In the southwestern region of the United States lies the 48th state inducted into the country known as Arizona. Arizona, or the "Grand Canyon State" as it has been nicknamed for being home to one of the Seven Wonders of the World, is most commonly recognized for its endless miles of natural beauty. Diverse in landscape and culture, Arizona can be perfect for those looking for a ranch style home in the desert or a luxurious penthouse in one of Arizona's upscale, fast-paced metropolitan cites.
Arizona Real Estate:
Arizona has often been considered a prime real estate location for retirement because of its warm summers and mild winters. During the 1960's Del Webb recognized Arizona's potential to be home to the country's many retirees and thus developed Sun City, one of the nation's first retirement communities. Wile many of Arizona's retired residents enjoy their days in one of state's lavish retirement homes, cites like Tucson and Phoenix are becoming increasingly popular with home seekers looking for an upbeat, big-city lifestyle. With fine gourmet dining, ultra-chic spas and hotels and over 300 superb golf courses (some even used in the PGA Tour), Arizona's metropolitan areas are booming. On the other hand, those looking for a quiet mountain getaway can discover the secret that hides behind the verdant pines of the Colorado Plateau. Rich in towering evergreen, the Colorado Plateau offers an intimate location for a second home where one can escape the hustle and bustle of the city and sit back and enjoy the jaw dropping views overlooking the Grand Canyon.
Arizona has a primarily dry climate which offers warm summers and mild winters. Also because of the climate, Arizona is not prone to hurricanes and tornados that can often have damaging effects on other states. The lower desert area of Arizona tends to be warmer. However, the more northern area of state is often much cooler because of the high altitudes of the plateaus. See Arizona temperature charts.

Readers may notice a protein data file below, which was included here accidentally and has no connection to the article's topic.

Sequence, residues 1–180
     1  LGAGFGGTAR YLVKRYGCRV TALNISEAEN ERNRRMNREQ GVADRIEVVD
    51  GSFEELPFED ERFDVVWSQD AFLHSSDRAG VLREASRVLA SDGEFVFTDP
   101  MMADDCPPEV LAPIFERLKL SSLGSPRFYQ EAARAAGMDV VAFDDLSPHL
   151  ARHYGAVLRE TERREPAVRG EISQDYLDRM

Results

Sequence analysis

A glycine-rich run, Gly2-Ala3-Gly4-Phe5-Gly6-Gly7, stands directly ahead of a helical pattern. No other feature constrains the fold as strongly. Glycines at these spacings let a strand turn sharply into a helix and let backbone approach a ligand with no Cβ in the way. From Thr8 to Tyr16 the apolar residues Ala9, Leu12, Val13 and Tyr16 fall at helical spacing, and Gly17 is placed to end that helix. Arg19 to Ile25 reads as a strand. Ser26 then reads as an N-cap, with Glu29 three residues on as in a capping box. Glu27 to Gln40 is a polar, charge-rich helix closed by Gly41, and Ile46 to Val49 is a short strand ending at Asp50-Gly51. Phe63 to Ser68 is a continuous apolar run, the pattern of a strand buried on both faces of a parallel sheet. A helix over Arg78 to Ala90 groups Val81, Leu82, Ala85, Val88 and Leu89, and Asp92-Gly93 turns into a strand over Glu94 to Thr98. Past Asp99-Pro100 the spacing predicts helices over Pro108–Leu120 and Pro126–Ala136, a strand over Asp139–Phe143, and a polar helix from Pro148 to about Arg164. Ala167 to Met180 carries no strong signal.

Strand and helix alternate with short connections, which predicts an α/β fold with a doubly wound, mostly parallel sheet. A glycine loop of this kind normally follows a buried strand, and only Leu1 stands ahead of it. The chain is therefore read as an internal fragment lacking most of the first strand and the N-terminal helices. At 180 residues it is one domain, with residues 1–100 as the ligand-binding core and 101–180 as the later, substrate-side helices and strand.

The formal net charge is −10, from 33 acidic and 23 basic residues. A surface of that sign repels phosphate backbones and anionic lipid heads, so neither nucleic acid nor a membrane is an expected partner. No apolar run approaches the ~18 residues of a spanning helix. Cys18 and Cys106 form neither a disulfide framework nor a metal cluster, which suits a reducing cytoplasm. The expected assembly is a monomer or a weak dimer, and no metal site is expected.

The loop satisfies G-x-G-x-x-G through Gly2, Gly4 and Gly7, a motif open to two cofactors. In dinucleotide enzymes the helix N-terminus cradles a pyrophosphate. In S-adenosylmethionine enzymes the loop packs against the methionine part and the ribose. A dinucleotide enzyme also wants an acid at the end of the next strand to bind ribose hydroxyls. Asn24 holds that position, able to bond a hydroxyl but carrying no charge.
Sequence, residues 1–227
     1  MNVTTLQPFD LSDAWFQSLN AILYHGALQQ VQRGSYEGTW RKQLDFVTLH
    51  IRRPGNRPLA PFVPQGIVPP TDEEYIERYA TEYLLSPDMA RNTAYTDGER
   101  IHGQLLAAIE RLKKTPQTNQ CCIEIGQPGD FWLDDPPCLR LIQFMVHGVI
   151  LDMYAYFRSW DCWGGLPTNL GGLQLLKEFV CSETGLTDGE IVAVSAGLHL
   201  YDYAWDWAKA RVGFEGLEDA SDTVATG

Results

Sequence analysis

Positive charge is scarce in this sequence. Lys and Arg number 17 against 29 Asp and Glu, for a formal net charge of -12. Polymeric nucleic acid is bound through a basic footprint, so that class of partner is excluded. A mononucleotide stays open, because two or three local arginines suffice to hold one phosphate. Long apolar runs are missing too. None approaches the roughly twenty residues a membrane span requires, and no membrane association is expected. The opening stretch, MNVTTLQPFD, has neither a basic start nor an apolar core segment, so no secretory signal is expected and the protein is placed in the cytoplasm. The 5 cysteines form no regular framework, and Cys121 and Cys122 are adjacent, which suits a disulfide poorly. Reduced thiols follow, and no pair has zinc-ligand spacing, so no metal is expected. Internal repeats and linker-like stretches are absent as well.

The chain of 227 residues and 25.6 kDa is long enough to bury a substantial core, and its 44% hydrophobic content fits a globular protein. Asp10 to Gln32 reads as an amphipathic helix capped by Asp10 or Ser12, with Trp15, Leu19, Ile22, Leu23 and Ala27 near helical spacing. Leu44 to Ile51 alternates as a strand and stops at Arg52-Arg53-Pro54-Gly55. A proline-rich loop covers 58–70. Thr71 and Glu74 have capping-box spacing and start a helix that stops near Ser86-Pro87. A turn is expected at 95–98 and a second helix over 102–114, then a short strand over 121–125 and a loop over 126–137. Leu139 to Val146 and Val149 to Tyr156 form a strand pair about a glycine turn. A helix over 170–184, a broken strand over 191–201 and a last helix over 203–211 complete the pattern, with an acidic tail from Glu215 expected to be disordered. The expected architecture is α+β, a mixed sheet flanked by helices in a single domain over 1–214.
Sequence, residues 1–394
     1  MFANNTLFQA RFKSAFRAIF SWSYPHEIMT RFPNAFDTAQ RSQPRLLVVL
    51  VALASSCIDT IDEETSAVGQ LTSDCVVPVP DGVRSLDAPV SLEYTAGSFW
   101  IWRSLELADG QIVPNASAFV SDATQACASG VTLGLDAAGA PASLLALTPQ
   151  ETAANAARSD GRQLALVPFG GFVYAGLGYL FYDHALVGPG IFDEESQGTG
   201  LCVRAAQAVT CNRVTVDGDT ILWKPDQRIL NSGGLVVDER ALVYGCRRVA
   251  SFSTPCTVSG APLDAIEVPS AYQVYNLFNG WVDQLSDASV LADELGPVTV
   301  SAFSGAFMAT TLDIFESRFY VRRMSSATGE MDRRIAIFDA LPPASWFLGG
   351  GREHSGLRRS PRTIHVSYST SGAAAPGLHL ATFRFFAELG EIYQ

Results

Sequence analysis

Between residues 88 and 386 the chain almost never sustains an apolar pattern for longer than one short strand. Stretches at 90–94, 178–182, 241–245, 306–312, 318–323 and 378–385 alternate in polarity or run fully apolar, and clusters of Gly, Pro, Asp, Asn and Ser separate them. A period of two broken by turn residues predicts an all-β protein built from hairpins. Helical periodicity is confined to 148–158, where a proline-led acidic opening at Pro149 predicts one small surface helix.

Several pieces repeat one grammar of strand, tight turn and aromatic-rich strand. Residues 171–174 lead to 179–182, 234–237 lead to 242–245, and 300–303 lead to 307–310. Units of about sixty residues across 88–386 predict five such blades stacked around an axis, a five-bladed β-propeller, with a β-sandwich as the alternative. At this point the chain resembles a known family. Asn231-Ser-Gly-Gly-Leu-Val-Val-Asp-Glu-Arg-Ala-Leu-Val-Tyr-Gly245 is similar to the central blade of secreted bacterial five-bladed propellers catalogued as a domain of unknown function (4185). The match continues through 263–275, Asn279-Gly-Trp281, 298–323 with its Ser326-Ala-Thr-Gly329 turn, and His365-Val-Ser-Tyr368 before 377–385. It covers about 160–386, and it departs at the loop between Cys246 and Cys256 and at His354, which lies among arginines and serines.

Regions in Arizona: Arizona has many diverse regions. There is the Arizona Strip, the Canyon Lands, Coconino Plateau, Colorado River, Colorado Plateau, Grand Canyon, Kaibab Plateau, Lower Colorado River Valley, Madrean Sky Islands, Mogollon Plateau, Mogollon Rim, Mojave Desert, Monument Valley, Navajo Nation, Northeast Arizona, Oak Creek Canyon, Phoenix Metropolitan Area, San Francisco Volcanic Field, Sonoran Desert, United States-Mexico border, Verde Valley and the White Mountains.
Arizona Airports: Phoenix Sky Harbor International Airport, Tucson International Airport, Phoenix-Mesa Gateway Airport, Yuma International Airport, Prescott Municipal Airport and Flagstaff Pulliam Airport
Arizona Facts: Arizona's economy once relied on the "Five C's," copper, cotton, cattle, citrus and climate. Arizona still accounts for two-thirds of the nation's copper output. The state's capital is Phoenix, also the state's largest city. Arizona's population is ranked 14th in the U.S.
Arizona Trivia: The Navajo Nation region of Arizona is the only region in the state that observes daylight savings time change; everywhere else in the state observes Mountain Standard Time. Arizona has had more female governors than any of the country's other states. The state has two nicknames, the "Grand Canyon State" and the "Copper State." Arizona is one of the "Four Corners" states. It shares borders with Nevada, Utah and New Mexico. The Arizona trout can only be found in Arizona.
Arizona State Government Resource Link: www.az.gov
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